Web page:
Benoît Cœuré, 08 September 2021

In March 2020, the French parliament tasked an independent committee with monitoring the financial support available to companies during the Covid-19 crisis. A rich firm-level database – matching receipt of government money with balance-sheet records, tracing payroll and turnover trajectories for the first two waves of the pandemic – was the result. This column mines that database to evaluate the incentives for accepting government aid; the impact of support measures; and heterogeneity across industries, firms, and locations. The authors judge French fiscal support during the crisis a tentative success.

Pierre Cahuc, Stéphane Carcillo, Andreea Minea, Marie-Anne Valfort, 03 January 2020

Correspondence studies are often used to detect discrimination on the part of recruiters, but they do not inform us about decisions at the interview and job-offer stages. This column describes how a correspondence study suggests that individuals of North African origin are strongly discriminated against in the French private sector, while they are treated equally in the public sector. However, survey results indicate that both public and private sector employers express discriminatory preferences and beliefs against North African candidates, and wages of young unskilled North African males are lower than those of their French compatriots in both sectors. The findings suggest that correspondence studies should be complemented with other investigation methods.

Matthieu Crozet, Julian Hinz, 05 July 2016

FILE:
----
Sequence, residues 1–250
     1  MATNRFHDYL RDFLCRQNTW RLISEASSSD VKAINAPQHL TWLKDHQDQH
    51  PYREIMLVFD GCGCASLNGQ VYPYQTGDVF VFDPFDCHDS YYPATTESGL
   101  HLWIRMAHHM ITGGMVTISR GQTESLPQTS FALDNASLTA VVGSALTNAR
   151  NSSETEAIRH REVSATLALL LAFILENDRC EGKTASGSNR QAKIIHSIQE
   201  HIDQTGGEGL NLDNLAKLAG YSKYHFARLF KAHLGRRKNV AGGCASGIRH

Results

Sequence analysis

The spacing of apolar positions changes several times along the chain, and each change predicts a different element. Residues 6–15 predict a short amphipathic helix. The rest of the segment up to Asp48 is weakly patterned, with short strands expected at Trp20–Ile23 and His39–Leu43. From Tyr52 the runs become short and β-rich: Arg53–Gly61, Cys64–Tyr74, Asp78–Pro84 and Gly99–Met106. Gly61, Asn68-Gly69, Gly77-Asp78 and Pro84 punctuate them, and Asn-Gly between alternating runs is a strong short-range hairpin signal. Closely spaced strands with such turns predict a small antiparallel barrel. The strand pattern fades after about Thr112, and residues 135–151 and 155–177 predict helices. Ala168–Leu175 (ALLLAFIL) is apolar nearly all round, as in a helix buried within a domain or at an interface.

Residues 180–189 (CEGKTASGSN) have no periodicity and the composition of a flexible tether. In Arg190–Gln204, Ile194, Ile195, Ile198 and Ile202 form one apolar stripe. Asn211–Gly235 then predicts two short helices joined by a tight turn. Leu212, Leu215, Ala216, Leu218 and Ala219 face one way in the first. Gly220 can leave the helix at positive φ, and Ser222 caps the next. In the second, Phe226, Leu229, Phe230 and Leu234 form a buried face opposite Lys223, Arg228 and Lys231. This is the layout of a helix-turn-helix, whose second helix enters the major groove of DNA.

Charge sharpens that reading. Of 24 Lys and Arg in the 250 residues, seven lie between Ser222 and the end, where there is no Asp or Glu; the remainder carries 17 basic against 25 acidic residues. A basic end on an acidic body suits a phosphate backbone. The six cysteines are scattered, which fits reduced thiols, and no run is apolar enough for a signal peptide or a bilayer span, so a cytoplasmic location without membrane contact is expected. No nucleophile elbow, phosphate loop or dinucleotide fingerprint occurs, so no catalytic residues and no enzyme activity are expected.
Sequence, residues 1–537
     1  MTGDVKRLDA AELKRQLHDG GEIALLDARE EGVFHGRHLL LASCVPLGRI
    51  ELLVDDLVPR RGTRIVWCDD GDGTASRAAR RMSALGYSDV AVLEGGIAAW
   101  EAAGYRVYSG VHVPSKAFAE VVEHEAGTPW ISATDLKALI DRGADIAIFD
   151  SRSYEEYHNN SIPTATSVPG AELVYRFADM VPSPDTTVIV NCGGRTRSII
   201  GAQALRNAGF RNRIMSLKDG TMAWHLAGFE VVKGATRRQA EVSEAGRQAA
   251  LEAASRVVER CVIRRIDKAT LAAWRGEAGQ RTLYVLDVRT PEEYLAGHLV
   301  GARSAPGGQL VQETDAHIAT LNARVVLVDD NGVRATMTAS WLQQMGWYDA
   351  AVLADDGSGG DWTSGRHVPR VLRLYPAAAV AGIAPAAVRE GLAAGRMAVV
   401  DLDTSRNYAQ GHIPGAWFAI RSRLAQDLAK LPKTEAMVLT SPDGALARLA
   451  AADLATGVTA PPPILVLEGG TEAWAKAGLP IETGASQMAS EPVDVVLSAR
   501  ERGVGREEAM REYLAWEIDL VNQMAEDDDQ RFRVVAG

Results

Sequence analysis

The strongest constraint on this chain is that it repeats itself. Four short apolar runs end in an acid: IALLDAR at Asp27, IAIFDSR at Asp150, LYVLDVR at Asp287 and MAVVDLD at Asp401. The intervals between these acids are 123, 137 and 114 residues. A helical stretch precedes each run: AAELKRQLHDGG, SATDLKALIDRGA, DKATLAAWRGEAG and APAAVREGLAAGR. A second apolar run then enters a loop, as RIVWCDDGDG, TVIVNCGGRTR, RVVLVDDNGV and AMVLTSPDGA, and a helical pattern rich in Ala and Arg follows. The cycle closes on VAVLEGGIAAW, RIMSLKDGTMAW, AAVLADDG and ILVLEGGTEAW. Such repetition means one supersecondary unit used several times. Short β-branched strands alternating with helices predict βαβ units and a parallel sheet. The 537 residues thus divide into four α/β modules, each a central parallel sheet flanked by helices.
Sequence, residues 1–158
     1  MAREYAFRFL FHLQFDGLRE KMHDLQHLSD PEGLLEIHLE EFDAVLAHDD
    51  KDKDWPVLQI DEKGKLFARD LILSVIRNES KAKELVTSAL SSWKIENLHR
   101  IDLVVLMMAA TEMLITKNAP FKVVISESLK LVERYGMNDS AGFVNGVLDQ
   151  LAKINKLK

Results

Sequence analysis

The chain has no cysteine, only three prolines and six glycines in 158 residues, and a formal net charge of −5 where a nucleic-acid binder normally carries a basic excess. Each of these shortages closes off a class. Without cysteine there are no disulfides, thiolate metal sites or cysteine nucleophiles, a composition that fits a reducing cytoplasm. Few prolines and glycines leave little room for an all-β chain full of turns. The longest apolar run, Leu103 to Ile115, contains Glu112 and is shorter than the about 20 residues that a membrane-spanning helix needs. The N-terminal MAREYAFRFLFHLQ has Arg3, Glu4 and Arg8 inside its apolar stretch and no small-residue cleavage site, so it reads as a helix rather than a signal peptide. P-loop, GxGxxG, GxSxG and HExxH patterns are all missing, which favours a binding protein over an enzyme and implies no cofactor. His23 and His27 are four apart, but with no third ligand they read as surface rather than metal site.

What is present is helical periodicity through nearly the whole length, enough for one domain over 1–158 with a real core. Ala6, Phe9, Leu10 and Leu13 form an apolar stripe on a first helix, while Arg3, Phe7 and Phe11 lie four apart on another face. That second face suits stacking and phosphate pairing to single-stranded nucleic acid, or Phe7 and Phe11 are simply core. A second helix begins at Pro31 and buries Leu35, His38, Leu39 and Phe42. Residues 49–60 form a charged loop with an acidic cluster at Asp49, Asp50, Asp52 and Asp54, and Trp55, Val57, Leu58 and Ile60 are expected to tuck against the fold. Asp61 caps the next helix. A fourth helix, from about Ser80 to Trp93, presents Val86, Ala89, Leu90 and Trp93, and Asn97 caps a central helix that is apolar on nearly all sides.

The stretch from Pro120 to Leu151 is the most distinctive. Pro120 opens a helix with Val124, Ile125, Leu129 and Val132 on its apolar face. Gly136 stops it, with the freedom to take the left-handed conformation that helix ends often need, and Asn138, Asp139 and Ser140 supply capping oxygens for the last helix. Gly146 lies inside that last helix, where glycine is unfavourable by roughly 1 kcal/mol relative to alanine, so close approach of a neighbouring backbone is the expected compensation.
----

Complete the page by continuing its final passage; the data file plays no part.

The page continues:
Economic sanctions serve as a foreign policy tool, but they can also hurt domestic firms doing business in the target country. This column looks at the effects of sanctions imposed by 37 countries on Russia over the conflict in Ukraine. The estimated loss of exports to Russia totalled $3.2 billion per month between December 2013 and June 2015. This loss was mostly incurred by European economies and in products not targeted by retaliations. French firm-level data points to a deterioration of trade finance services as the dominant mechanism.

Nicolas Berman, Antoine Berthou, Jérôme Héricourt, 16 December 2011

The synchronised poor growth in European countries can be explained by many factors, including trade and financial linkages. This column argues that firms’ domestic sales are directly affected by the fall in their exports. Using French firm-level data and the Asian Crisis as a foreign-demand shock, it finds that domestic sales were 5% lower for firms exposed to the crisis. It suggests that this is because the cash flow generated by exports may be used by firms to finance domestic operations in the short term.


CEPR Policy Research